19. A toner according to claim 1 wherein the poly(3,4-ethylenedioxypyrrole) is doped with iodine, molecules containing sulfonate groups, molecules containing phosphate groups, molecules containing phosphonate groups, or mixtures thereof.
20. A toner according to claim 1 wherein the poly(3,4-ethylenedioxypyrrole) is doped with sulfonate containing anions of the formula RSO3 wherein R is an alkyl group, an alkoxy group, an aryl group, an aryloxy group, an arylalkyl group, an alkylaryl group, an arylalkyloxy group, an alkylaryloxy group, or mixtures thereof.
21. A toner according to claim 1 wherein the poly(3,4-ethylenedioxypyrrole) is doped with anions selected from p-toluene sulfonate, camphor sulfonate, benzene sulfonate, naphthalene sulfonate, dodecyl sulfonate, dodecylbenzene sulfonate, dialkyl benzenealkyl sulfonates, para-ethylbenzene sulfonate, alkyl naphthalene sulfonates, poly(styrene sulfonate), or mixtures thereof.
22. A toner according to claim 1 wherein the poly(3,4-ethylenedioxypyrrole) is doped with anions selected from p-toluene sulfonate, camphor sulfonate, benzene sulfonate, naphthalene sulfonate, dodecyl sulfonate, dodecylbenzene sulfonate, 1,3-benzene disulfonate, para-ethylbenzene sulfonate, 1,5-naphthalene disulfonate, 2-naphthalene disulfonate, poly(styrene sulfonate), or mixtures thereof.
23. A toner according to claim 1 wherein the poly(3,4-ethylenedioxypyrrole) is doped with a dopant present in an amount of at least about 0.1 molar equivalent of dopant per molar equivalent of 3,4-ethylenedioxypyrrole monomer and present in an amount of no more than about 5 molar equivalents of dopant per molar equivalent of 3,4-ethylenedioxypyrrole monomer.
24. A toner according to claim 1 wherein the poly(3,4-ethylenedioxypyrrole) is doped with a dopant present in an amount of at least about 0.25 molar equivalent of dopant per molar equivalent of 3,4-ethylenedioxypyrrole monomer and present in an amount of no more than about 4 molar equivalents of dopant per molar equivalent of 3,4-ethylenedioxypyrrole monomer.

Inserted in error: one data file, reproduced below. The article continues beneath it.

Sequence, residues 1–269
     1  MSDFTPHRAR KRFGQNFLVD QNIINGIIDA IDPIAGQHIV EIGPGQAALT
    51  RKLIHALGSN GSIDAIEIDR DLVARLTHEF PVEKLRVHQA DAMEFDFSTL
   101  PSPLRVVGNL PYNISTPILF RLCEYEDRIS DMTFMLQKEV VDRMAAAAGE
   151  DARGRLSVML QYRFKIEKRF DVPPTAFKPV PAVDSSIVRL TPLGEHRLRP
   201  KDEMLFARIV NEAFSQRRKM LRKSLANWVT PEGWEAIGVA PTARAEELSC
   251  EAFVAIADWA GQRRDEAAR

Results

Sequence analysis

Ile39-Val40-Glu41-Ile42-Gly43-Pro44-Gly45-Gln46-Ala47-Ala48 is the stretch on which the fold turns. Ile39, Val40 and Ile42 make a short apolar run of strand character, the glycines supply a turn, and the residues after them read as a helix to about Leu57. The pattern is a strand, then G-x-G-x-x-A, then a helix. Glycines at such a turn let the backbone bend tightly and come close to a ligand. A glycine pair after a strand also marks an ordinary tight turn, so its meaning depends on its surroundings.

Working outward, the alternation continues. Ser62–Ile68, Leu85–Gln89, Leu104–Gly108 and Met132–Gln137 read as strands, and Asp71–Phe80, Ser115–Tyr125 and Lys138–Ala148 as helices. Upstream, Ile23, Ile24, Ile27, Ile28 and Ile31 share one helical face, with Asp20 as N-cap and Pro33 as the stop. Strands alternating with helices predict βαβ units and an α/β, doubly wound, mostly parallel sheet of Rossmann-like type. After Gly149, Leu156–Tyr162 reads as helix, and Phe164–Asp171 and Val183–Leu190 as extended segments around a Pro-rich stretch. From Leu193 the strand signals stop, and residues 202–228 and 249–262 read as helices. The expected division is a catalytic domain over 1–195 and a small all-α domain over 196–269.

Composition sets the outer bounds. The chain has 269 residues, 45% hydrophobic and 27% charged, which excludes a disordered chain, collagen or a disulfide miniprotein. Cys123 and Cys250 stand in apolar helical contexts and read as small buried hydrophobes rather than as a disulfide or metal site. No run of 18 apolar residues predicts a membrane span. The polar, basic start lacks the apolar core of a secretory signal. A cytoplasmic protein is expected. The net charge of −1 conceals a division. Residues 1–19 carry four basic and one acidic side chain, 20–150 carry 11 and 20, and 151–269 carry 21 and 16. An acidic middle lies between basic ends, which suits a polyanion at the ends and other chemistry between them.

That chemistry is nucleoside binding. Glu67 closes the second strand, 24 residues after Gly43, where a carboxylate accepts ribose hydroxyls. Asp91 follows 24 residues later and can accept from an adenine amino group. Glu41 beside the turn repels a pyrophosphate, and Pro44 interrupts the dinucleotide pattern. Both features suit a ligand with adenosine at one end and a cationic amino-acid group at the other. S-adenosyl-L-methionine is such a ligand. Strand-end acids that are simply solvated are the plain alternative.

25. A toner according to claim 1 wherein the poly(3,4-ethylenedioxypyrrole) is doped with a dopant present in an amount of at least about 0.5 molar equivalent of dopant per molar equivalent of 3,4-ethylenedioxypyrrole monomer and present in an amount of no more than about 3 molar equivalents of dopant per molar equivalent of 3,4-ethylenedioxypyrrole monomer.
26. A toner according to claim 1 wherein the poly(3,4-ethylenedioxypyrrole) is present in an amount of at least about 5 weight percent of the toner particle mass and wherein the poly(3,4-ethylenedioxypyrrole) is present in an amount of no more than about 20 weight percent of the toner particle mass.
27. A toner according to claim 1 wherein the toner particles have an average particle diameter of no more than about 10 microns.
28. A toner according to claim 1 wherein the toner particles have a particle size distribution of GSD equal to no more than about 1.25.
29. A toner according to claim 1 wherein the toner particles have an average bulk conductivity of no more than about 10−12 Siemens per centimeter.
30. A toner according to claim 1 wherein the toner particles have an average bulk conductivity of no more than about 10−13 Siemens per centimeter, and wherein the toner particles have an average bulk conductivity of no less than about 10−16 Siemens per centimeter.
31. A toner according to claim 1 wherein the toner particles have an average bulk conductivity of no less than about 10−11 Siemens per centimeter.
32. A toner according to claim 1 wherein the toner particles have an average bulk conductivity of no less than about 10−7 Siemens per centimeter.
33. A process which comprises (a) generating an electrostatic latent image on an imaging member, and (b) developing the latent image by contacting the imaging member with charged toner particles comprising a vinyl resin, an optional colorant, and poly(3,4-ethylenedioxypyrrole), wherein said toner particles are prepared by an emulsion aggregation process.
34. A process according to claim 33 wherein the toner particles are charged triboelectrically.
35. A process according to claim 34 wherein the toner particles are charged triboelectrically by admixing them with carrier particles.
36. A process according to claim 33 wherein the toner particles are charged inductively.